It’s basically about assessing the quality of journal articles, or, in more general terms, academic research.

When the world was young(er) it was pretty straightforward to know when a high-quality journal article appeared. There were probably only a couple of journals you needed to monitor in your subject area, and when a hot paper came out the buzz would alert you. Now there’s so much stuff being published, partly because of the growth of the academic industry, and partly because of the splitting of disciplines into more and more separate disciplines and sub-disciplines. As a consequence finding out what among the crowd is worth looking at has become hard. The assessing of the quality of academic research has become a topic of academic research itself!

Knowing what’s good and what’s not is also important for hiring decisions as well as for researchers. Just counting citations — the number of times your article has been referenced — is a fairly crude weapon.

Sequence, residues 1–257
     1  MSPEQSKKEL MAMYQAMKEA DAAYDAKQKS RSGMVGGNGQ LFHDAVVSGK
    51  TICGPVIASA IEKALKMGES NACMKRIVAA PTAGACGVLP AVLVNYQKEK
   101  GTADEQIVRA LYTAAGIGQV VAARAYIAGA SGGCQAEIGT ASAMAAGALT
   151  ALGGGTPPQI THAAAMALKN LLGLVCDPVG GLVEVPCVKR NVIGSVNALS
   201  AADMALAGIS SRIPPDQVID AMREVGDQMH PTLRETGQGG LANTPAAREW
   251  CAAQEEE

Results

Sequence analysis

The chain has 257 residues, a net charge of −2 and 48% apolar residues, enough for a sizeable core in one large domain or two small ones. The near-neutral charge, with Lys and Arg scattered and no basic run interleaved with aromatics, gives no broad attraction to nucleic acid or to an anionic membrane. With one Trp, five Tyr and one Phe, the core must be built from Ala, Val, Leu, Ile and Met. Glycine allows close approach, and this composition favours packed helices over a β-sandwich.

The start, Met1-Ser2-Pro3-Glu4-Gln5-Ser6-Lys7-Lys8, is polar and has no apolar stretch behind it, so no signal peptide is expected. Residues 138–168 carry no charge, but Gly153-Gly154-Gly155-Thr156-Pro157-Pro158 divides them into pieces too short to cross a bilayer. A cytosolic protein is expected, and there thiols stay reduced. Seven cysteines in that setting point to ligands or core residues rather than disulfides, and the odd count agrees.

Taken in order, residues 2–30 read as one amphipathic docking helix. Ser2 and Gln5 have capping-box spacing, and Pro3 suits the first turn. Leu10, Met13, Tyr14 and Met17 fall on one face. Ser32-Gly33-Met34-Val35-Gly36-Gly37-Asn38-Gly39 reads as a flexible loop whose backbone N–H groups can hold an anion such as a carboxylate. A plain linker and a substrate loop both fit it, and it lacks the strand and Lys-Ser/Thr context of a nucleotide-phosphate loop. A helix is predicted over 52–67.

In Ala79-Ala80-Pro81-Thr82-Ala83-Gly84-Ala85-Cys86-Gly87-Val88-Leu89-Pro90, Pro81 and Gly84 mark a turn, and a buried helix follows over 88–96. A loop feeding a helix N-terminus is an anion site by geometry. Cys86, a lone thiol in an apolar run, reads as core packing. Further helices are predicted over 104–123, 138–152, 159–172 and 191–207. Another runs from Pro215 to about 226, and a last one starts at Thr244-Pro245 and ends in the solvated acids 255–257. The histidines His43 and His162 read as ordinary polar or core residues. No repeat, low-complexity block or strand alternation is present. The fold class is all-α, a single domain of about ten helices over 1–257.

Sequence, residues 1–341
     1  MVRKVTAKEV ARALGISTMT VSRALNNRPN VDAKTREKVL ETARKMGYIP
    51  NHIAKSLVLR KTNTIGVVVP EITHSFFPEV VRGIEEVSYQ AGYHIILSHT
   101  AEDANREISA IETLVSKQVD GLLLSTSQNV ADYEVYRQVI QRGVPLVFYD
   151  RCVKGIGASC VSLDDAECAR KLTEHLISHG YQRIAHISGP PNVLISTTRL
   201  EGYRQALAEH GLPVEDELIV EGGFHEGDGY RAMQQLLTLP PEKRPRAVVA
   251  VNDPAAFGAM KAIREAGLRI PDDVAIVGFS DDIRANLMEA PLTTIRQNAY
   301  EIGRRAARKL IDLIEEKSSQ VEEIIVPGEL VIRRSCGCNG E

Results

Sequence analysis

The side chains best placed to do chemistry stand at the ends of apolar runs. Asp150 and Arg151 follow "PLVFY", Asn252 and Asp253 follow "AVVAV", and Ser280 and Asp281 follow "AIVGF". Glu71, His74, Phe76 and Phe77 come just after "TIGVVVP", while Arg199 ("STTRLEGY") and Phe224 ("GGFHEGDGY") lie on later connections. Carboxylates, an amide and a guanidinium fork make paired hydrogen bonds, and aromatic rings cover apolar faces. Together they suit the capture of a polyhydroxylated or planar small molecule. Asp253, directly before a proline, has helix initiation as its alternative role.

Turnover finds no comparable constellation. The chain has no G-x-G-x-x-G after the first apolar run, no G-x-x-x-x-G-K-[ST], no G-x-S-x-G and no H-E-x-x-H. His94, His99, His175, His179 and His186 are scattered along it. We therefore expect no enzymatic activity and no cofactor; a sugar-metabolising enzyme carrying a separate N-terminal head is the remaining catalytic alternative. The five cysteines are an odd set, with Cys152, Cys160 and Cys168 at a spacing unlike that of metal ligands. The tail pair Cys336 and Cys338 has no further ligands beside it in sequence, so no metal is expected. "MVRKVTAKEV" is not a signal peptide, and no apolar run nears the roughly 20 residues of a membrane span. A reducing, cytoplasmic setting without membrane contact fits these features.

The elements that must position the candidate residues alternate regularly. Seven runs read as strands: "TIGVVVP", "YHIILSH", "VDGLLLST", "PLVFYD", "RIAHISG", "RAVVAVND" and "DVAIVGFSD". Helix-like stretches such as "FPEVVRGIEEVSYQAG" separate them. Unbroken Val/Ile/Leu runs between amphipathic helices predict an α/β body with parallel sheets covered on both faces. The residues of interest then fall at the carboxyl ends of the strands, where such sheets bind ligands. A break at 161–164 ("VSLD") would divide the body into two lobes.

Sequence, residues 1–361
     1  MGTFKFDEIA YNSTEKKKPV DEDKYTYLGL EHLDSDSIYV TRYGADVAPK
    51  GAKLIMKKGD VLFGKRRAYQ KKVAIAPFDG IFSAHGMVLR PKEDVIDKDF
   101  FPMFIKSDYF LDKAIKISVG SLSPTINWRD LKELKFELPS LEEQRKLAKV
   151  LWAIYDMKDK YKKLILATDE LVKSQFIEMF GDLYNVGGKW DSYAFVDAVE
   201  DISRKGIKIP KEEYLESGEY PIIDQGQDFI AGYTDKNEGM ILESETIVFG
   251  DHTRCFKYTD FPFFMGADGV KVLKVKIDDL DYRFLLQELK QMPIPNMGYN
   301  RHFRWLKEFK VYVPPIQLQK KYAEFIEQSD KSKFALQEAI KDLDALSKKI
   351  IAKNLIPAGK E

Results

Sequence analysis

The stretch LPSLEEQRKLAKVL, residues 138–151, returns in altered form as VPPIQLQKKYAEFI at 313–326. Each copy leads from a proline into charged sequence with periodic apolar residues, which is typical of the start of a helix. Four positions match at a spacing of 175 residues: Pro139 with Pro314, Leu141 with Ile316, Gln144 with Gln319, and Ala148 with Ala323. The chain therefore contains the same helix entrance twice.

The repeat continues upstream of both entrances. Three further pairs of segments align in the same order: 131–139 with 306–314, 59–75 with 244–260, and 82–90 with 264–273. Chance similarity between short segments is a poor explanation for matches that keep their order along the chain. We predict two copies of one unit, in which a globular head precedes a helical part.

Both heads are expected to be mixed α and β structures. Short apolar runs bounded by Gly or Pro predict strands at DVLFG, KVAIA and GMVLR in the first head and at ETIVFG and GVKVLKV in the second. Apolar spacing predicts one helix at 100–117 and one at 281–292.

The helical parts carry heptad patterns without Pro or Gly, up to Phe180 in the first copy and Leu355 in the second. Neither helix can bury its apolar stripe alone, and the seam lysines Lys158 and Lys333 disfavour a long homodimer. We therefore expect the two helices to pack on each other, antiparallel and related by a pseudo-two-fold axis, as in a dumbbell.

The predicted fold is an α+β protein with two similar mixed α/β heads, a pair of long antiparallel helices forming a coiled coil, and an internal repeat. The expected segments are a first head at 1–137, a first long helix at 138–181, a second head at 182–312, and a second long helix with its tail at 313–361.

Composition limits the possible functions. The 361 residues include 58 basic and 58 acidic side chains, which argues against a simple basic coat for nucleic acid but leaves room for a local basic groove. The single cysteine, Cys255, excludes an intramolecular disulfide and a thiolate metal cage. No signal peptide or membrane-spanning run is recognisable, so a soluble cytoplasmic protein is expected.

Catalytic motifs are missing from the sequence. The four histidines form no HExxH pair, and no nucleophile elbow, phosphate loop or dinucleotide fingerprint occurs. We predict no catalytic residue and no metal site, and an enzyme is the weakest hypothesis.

“Altmetrics are non-traditional, article-level metrics that can include journal comments, blog mentions, Wikipedia mentions, Tweets, Facebook posts, Mendeley and CiteULike social bookmarkings, and many other items. Aside from articles, altmetrics can also measure videos, individuals, books, journals, and a host of other content types.” Thus John Bond in his Publishing Executive article.

If you don’t see video here, please click on the title of this post in order to view it in your browser.

Altmetrics is a website too, and brings us news of the top 100 articles of 2019. The most fascinating (to me anyway) is Parachute use to prevent death and major trauma when jumping from aircraft: randomized controlled trial from the British Medical Journal. The paper was published on 13 December 2018, though one is inclined to believe that the authors were hoping for a delay of about three and a half months until early April. Here’s a photo of one of their research subjects taking the leap — this one without parachute.

Presumably the point this paper is making is about research methodology and design rather than parachute use! The authors have surely got their point across, as it was the eighth most discussed article of the year.